History professor discusses new book on Indian caste system

Chris Mendez

While discussing his new book, “Beyond Caste: Identity and Power in South Asia, Past and Present,” on Wednesday, history professor Sumit Guha said the caste system continues to influence India today.

Guhu began the book 10 years ago as a way of connecting India’s history of class stratifications to the present existence of low-social groups, such as castes and tribes.

Guhu defined castes as organized community councils of defined ethnic groups, typically of an agrarian origin.

Guha said he wrote the book in order to reveal how caste systems have remained relevant to Indian life today.

“I’ve tried to achieve two goals,” Guhu said. “[I wanted] to link the social history of the present with its millennial past and to place the socializations of India as the same as those of the old world of which it has always been a part of.”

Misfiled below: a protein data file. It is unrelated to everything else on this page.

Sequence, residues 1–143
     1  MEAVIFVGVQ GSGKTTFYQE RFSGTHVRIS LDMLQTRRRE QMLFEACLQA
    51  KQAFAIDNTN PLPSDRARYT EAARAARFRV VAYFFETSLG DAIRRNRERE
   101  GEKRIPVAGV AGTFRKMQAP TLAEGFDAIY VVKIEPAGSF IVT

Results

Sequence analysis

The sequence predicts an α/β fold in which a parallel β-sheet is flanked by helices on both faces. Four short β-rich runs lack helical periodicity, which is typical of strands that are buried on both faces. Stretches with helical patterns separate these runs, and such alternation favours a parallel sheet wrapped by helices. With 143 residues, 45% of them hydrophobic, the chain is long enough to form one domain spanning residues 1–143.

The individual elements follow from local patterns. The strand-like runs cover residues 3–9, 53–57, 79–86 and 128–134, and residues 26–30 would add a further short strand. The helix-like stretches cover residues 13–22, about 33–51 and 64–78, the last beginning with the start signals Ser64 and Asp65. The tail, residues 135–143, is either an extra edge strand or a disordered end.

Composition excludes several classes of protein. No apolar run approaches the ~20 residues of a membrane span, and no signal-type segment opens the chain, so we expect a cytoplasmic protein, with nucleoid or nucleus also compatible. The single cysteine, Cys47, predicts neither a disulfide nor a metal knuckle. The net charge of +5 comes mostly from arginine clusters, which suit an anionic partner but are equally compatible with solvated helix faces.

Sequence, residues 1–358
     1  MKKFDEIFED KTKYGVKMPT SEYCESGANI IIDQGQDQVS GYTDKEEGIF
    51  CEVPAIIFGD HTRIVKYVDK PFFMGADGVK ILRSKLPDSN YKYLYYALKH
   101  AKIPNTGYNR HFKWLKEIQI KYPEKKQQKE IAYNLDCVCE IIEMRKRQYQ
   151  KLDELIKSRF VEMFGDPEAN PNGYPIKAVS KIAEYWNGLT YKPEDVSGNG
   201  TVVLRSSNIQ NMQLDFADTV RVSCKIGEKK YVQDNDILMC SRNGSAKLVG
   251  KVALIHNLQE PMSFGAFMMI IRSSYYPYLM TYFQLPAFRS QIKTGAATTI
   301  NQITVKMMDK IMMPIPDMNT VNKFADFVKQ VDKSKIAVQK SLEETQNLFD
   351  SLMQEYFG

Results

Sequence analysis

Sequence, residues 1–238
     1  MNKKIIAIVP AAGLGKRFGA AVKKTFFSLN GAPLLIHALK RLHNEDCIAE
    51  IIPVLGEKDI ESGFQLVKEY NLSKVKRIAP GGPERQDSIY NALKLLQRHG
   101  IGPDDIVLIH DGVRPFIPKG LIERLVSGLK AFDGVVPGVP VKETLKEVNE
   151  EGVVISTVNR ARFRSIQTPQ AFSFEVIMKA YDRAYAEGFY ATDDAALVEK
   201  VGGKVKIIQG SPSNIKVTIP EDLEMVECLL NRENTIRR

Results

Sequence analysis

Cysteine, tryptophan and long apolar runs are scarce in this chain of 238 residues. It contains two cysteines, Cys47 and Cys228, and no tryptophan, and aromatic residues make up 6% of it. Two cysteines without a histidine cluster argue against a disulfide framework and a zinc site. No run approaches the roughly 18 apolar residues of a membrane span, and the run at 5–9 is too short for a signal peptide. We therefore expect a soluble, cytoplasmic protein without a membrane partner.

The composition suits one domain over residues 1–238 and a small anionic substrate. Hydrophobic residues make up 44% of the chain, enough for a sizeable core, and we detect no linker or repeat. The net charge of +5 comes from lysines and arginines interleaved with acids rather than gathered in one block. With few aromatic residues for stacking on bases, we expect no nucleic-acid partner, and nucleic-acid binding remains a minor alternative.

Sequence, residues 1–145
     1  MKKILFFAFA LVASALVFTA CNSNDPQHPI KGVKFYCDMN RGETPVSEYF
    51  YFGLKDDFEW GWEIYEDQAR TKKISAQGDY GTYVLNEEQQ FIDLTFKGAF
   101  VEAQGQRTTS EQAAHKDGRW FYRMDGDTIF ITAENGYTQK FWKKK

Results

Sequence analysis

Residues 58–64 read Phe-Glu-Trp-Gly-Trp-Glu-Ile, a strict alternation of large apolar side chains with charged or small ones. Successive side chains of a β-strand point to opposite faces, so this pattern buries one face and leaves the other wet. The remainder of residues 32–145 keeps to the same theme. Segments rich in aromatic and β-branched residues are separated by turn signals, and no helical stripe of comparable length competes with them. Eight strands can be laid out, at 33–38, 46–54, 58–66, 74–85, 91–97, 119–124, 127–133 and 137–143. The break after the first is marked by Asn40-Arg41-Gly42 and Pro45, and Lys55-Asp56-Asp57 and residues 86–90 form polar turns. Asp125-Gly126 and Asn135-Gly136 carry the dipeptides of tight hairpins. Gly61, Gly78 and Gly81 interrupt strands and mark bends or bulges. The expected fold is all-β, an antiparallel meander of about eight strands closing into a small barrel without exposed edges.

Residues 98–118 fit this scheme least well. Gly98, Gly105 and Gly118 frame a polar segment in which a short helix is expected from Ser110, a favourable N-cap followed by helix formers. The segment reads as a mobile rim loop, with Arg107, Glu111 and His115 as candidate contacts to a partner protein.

According to Guha, castes and tribes have not yet disintegrated in India, although the origins of the words have altered since their establishment by the Portuguese in the 16th century.

“[These words] were transplanted to India in the 16th century and lost [their] original connotations as being a pure group,” Guhu said.

Instead of studying the different values and ideas that separated these two groups, Guhu said he preferred looking at the physical boundaries that disconnected them.

“I wanted to look at the boundaries between these two groups rather than look at the internal values or ideas they might hold,” Guhu said.

Guhu said he has paid particular attention to social taboos in India, which have created even more barriers between the people.

“[Taboos] are not boundary-makers, but they are boundary-markers,” Guhu said.

Retired history professor Gail Minault, who attended the event, praised Guhu’s book.

“I think [Guhu’s book] is a path-breaking and fascinating study of what we call ‘caste,’” Minault said. “‘Caste’ is a lot less easily defined than anyone imagines.”

Although castes persist as a part of Indian society, for some people who have been to India, such as history graduate student Norman Coulson, these hierarchies continue undetected.

“It’s really not easy for an outsider in India to notice things like castes,” Coulson said. “As far as I could see, there wasn’t really any castes still going on in India.”